To Tweet or Not To Tweet

bible reading challenge day 70Last week in our Faith & Technology series, we discussed Loving Technology Without Losing Touch.   This post described a few methods we can implement to encourage self-discipline over social media and technology usage. This week we are diving in to the topic of Christian social media etiquette. Say what?


On Friday, the most hilarious incident happened to me in the grocery store.  While I was shopping, pushing my cart in a wide open area towards the front of the store, my shopping cart was suddenly hit head-on by a woman who was texting and driving her shopping cart, of all things! I was so taken back by the incident that I didn’t say anything. Just smiled. Amazingly enough, she also said nothing.  She looked slightly offended that I had interrupted her and continued her text.

And that’s when I began to reflect a bit more on the fact that perhaps we have forgotten simple social etiquette in the midst of the technology craze.  Not only do we fail to control our usage- we completely fail to respect others.

What if we used a few simple guidelines to show respect to those around us when we are using technology and social media?

So here is the practical list I came up with from a Christian perspective. I’m pretty sure you might have a few suggestions to add to the list. 😉 Here we go:

 to tweet or not to tweet

1. Be present in the moments of real life happening.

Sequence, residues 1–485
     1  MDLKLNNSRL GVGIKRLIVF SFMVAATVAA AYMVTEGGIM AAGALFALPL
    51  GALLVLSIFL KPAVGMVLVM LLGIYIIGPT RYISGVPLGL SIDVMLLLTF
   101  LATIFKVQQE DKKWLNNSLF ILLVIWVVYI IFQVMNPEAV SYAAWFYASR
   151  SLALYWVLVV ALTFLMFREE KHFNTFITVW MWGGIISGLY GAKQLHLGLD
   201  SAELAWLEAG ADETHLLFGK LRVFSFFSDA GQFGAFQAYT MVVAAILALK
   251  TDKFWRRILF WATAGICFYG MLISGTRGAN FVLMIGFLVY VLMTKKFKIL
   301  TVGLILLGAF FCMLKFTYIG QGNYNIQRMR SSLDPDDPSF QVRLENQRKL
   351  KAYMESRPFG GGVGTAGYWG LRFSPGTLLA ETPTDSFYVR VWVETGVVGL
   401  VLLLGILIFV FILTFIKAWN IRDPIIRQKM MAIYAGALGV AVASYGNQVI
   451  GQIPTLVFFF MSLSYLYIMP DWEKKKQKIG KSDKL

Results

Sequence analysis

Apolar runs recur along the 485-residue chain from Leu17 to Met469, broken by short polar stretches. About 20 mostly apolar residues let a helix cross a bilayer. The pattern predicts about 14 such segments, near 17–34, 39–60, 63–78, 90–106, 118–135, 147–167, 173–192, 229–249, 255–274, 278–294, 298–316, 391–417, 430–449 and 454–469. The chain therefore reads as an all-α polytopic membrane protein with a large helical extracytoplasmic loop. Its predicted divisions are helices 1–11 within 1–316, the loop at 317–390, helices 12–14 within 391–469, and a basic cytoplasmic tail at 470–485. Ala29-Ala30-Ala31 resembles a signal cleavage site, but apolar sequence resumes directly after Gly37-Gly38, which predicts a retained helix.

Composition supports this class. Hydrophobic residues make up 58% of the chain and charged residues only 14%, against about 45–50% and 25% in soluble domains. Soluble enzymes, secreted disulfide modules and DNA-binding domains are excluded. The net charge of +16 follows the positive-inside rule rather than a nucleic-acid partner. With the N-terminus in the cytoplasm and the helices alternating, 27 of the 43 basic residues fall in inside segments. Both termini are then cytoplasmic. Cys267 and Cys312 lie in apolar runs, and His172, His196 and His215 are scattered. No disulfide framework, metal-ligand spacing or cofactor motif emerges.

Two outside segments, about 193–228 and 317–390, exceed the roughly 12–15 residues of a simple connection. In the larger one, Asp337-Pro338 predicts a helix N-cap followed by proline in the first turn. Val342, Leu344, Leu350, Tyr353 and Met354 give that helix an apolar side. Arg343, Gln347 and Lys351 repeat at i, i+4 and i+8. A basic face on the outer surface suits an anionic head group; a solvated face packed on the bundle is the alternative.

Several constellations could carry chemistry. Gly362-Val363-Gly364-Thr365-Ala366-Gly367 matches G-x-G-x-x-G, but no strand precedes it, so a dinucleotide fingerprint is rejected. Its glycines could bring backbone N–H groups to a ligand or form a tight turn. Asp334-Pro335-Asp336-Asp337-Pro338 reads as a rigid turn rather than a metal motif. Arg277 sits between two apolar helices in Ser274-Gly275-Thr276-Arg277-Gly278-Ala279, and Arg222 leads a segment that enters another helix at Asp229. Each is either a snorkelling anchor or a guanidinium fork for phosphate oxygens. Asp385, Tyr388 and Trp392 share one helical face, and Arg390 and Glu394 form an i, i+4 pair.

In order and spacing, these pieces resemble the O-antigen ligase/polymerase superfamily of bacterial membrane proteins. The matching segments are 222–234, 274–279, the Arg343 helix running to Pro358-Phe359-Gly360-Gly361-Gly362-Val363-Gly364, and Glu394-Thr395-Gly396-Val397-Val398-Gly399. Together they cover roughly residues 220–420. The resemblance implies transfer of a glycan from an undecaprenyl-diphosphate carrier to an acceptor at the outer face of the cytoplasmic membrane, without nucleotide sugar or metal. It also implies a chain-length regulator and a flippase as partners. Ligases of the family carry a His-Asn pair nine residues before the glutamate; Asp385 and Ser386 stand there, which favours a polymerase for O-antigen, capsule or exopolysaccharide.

My brother-in-law told me a story of how he and my sister-in-law had dinner recently with a couple in a very nice restaurant. The entire time they sat at the table together, both the man and his wife were on their phones.  One was texting and working up a sweat on social media. The other was playing games.  I’m a little confused as to why they wanted to have dinner.  And so was my brother-in-law.  By focusing on their phones, instead of their friends, they missed the true blessing of being in the presence of one another.

2. Be courteous to others.

When I spend time with certain close friends, we are not offended at all with each other if our phones buzz during our time together. Most of us work from home or have a busy household; we simply accept one another and the phone interruptions as part of daily life.  However, in a more formal setting, such as Bible study, we don’t want our phones to interrupt the focus on the video being watched or the prayer requests being taken.  The point is: We must use discretion in social settings and simply be courteous to others.

3. Be engaged in the community where appropriate.

At my church, the congregation is encouraged to join in the conversation on Twitter.  I love this because it bonds the Twitter church community together.  Then during the week, we can tweet about the sermon together. Or we can remind one another of the power of that worship song from Sunday morning or Saturday night service. In this case, I say the answer to the title of this post is: to tweet.

However, there are churches across America who would frown at the thought of using your phone during the service. Their environments are not yet as receptive to utilizing social media and technology during the service.  If I were visiting one of those churches, my phone would stay in my purse, making my decision: not to tweet.

4. Be considerate of what you post.